{
                IterateChildren(child);
            }
        }

Or you can use a Visitor pattern. Define a new class derived from the Microsoft.Ajax.Utilities.TreeVisitor class. There are a number of virtual methods on TreeVisitor – one for each concrete AST node type – that can be overridden. The base TreeVisitor class methods simply iterates over the node’s children nodes. For example, if the desire it to iterate over all the nodes in the tree and print out the name of all variables defined in var statements, a visitor can be define like this:

    class MyVisitor : TreeVisitor
    {
        public MyVisitor() { }
        public override void Visit(VariableDeclaration node)
        {
            base.Visit(node);
            Console.WriteLine(node.Identifier);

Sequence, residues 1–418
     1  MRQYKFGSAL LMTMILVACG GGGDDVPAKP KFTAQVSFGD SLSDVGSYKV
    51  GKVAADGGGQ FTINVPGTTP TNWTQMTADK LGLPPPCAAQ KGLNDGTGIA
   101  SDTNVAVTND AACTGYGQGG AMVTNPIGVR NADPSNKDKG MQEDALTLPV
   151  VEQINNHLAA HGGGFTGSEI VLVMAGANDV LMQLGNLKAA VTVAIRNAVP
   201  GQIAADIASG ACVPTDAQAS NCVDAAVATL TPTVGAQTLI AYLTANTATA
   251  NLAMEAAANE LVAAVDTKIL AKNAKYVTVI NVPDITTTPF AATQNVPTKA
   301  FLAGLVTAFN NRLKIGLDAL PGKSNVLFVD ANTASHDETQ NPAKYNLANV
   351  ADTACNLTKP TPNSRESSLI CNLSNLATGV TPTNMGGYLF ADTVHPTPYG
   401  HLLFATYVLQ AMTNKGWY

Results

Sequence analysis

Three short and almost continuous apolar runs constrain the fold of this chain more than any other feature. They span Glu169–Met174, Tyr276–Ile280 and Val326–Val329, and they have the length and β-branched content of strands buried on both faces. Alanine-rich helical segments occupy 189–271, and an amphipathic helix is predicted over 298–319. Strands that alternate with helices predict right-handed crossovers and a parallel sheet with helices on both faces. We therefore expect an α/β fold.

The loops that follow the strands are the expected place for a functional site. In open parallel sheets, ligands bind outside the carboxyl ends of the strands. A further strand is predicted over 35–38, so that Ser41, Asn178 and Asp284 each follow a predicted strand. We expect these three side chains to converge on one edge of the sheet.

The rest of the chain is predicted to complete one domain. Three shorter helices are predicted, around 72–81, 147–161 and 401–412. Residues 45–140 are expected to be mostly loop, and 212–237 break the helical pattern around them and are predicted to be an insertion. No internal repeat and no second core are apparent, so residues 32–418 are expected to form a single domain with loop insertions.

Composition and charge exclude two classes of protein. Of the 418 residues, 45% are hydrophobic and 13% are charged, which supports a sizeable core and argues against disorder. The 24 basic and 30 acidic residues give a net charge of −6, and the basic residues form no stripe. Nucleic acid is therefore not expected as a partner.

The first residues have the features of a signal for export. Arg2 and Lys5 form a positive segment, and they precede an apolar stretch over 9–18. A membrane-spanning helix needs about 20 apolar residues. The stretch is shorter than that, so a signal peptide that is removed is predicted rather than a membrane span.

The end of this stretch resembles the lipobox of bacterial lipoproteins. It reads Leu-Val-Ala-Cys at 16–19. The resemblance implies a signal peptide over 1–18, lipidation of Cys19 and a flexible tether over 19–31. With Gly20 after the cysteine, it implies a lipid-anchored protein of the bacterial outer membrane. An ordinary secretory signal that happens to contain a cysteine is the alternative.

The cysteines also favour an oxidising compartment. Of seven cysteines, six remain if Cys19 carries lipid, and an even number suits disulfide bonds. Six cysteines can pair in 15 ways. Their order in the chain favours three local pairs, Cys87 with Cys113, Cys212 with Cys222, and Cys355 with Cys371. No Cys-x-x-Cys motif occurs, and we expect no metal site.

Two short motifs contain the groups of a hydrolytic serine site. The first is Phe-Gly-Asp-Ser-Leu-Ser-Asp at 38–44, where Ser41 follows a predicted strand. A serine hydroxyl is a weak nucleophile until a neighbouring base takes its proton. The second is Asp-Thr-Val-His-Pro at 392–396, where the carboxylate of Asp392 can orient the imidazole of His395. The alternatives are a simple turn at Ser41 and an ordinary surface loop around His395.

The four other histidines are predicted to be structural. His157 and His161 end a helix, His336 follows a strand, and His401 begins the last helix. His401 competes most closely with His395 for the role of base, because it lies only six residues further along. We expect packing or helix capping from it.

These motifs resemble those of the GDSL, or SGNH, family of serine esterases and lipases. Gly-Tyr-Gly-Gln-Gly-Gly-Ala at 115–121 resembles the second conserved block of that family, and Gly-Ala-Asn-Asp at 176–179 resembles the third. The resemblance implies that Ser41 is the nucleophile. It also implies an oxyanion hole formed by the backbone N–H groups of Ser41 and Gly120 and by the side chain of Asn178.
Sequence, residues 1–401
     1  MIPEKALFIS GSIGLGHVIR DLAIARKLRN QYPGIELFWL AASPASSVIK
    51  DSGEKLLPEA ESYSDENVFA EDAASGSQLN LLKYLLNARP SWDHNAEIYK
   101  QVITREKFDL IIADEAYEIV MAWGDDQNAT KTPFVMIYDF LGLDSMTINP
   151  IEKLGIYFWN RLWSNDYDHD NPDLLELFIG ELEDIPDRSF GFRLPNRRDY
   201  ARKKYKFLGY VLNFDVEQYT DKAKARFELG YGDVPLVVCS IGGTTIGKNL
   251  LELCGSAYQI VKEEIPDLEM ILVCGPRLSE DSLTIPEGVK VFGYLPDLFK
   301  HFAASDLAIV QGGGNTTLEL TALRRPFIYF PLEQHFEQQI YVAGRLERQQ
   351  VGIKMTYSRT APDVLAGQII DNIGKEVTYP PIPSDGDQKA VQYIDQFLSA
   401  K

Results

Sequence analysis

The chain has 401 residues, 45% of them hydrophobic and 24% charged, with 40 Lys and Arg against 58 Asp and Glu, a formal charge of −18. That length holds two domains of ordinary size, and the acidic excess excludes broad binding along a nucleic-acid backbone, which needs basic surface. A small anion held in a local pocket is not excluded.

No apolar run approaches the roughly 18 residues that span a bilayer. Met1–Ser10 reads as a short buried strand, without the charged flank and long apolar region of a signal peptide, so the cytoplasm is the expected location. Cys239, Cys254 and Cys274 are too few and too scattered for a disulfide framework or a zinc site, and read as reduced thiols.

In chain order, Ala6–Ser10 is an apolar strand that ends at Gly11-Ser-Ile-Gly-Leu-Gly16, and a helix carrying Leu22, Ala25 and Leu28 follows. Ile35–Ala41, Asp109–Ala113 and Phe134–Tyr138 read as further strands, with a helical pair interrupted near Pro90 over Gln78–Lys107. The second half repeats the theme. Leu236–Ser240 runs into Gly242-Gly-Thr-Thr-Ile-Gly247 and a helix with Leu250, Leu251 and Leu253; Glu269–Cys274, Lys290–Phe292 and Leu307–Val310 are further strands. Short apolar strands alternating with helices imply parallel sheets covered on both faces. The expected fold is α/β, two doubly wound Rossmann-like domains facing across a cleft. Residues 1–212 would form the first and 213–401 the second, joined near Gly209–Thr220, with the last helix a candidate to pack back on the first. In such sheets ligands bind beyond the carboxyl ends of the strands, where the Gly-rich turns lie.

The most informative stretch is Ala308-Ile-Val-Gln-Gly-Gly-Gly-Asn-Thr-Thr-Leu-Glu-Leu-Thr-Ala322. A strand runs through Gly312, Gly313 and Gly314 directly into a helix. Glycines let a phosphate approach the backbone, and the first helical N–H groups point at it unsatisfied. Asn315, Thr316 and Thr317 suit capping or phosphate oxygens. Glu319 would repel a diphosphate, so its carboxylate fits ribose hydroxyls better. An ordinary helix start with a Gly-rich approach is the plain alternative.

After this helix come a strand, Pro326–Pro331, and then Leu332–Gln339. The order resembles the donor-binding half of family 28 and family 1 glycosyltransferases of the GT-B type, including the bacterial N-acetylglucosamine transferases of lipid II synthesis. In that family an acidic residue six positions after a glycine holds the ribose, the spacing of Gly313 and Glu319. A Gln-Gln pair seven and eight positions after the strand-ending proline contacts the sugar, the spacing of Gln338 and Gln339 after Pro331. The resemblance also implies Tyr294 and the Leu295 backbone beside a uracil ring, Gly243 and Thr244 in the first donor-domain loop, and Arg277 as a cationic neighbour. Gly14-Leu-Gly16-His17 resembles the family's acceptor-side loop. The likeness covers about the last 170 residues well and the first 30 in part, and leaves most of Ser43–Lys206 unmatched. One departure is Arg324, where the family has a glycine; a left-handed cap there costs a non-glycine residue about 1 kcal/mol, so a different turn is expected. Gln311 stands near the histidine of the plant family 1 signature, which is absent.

}
    }

To execute the visitor, instantiate an object and pass the Block node to the Visit method:

        var myVisitor = new MyVisitor();
        myVisitor.Visit(block);

Nodes in the AST tree can be created, inserted, replaced, deleted, and modified. Internally Ajax Minifier uses a number of visitor classes to modify the tree for maximum minification.

Unfortunately, currently only JavaScript is parsed into an AST that can be traversed. The CSS syntax tree is not available at this time.

Last edited Sep 16, 2013 at 4:57 PM by ronlo, version 18

Comments

No comments yet.